When a lawyer takes an oath as a judge,
it merely enhances the ruling class of lawyers and judges. First of all, in
Maricopa and Pima counties, judges are not elected but nominated by committees
of lawyers, along with concerned citizens.How can they be expected not to be
beholden to those who elevated them to the bench?
When they leave the
bench, many return to large and successful law firms that leverage their
names and relationships.
Business of law
The concept of "time" has been
converted into enormous revenue for lawyers. The profession has adopted
elaborate systems where clients are billed for a lawyer's time in six-minute
increments. The paralegal profession is another brainchild of the fraternity,
created as an additional tracking and revenue center. High powered firms have
departmentalized their services into separate profit centers for probate and
trusts, trial, commercial, and so forth.
The once-honorable profession of
law now fully functions as a bottom-line business, driven by greed and the
pursuit of power and wealth, even shaping the laws of the United States
outside the elected Congress and state legislatures.
Today the skill and gamesmanship of lawyers, not
the truth, often determine the outcome of a case. And we lawyers love it.
All the tools are there to obscure and confound. The system's process of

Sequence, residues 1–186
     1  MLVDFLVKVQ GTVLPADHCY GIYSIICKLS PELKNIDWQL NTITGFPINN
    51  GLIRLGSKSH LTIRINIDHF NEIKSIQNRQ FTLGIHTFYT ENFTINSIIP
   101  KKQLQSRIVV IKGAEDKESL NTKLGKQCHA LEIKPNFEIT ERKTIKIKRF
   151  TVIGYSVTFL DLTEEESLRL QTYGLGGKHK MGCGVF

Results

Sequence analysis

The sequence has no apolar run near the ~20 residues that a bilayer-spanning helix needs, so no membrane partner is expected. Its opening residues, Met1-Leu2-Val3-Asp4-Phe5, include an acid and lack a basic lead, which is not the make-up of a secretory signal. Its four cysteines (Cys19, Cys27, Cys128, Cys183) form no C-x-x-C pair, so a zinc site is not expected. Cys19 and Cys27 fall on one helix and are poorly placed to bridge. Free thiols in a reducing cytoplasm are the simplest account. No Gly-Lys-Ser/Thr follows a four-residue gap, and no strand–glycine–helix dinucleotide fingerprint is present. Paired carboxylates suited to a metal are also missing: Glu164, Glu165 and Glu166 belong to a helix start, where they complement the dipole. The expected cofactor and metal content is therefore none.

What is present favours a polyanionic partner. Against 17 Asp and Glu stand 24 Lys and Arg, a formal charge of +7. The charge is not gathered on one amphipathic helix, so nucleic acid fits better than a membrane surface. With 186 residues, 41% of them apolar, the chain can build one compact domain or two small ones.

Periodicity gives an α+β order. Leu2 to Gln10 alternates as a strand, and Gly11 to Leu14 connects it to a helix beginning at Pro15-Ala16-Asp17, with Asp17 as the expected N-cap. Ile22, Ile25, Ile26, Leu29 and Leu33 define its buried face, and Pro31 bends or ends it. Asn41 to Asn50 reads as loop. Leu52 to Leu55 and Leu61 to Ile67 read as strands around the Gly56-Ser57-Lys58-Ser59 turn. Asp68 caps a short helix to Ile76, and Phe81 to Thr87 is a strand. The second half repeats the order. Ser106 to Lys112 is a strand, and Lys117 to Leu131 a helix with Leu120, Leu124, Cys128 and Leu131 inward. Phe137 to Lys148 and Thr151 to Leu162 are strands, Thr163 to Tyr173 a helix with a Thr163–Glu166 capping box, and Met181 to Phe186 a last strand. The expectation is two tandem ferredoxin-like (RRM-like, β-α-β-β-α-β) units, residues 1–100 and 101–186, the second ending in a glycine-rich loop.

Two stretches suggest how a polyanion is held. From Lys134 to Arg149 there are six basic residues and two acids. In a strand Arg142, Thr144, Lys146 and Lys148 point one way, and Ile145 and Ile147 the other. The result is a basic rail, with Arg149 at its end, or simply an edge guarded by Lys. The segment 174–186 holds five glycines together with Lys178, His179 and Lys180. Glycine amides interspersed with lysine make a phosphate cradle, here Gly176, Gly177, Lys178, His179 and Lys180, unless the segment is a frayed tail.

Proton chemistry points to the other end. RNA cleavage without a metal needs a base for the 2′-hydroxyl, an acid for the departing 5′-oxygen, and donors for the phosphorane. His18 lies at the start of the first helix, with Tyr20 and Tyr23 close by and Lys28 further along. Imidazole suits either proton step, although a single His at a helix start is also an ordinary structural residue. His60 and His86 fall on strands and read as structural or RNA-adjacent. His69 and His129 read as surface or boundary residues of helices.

discovery and the exclusionary rule often work to keep vital information
off-limits to jurors and make cases so convoluted and complex that only lawyers
and judges understand them.
The net effect has been to increase our need
for lawyers, create more work for them, clog the courts and ensure that most
cases never go to trial and are, instead, plea-bargained and compromised.
All the while
the clock is ticking, and the monster is being fed.
sullying of American law has resulted in a fountain of money for law
professionals while the common people, who are increasingly affected by
lawyer-driven changes and an expensive, self-serving
bureaucracy, are left
confused and ill-served.
Today, it is estimated that 70 percent of low-
to middle-income citizens can no longer afford the cost of justice in America.
What would our Founding Fathers think?
This devolution of lawmaking by
the judiciary has been subtle, taking place incrementally over decades. But today, it's engrained in our legal system, and few even question it. But the
result is clear. Individuals can no longer participate in the legal
It has become too complex and too expensive, all the while
feeding our dependency on lawyers.
By complicating the law, lawyers have
achieved the ultimate job security. Gone are the days when American courts
functioned to serve justice simply and swiftly.
It is estimated that 95
million legal actions now pass through the courts annually, and the time and
expense for a plaintiff or defendant in our legal system can be absolutely
Surely it's time to question what has happened to our
justice system and to wonder if it is possible to return to a system that
truly does protect us from wrongs.
Molloy was elected to the Arizona Court of Appeals, where he served as chief
justice and authored more than 300 appellate opinions. Molloy wrote the final
Miranda decision for the Arizona Supreme Court.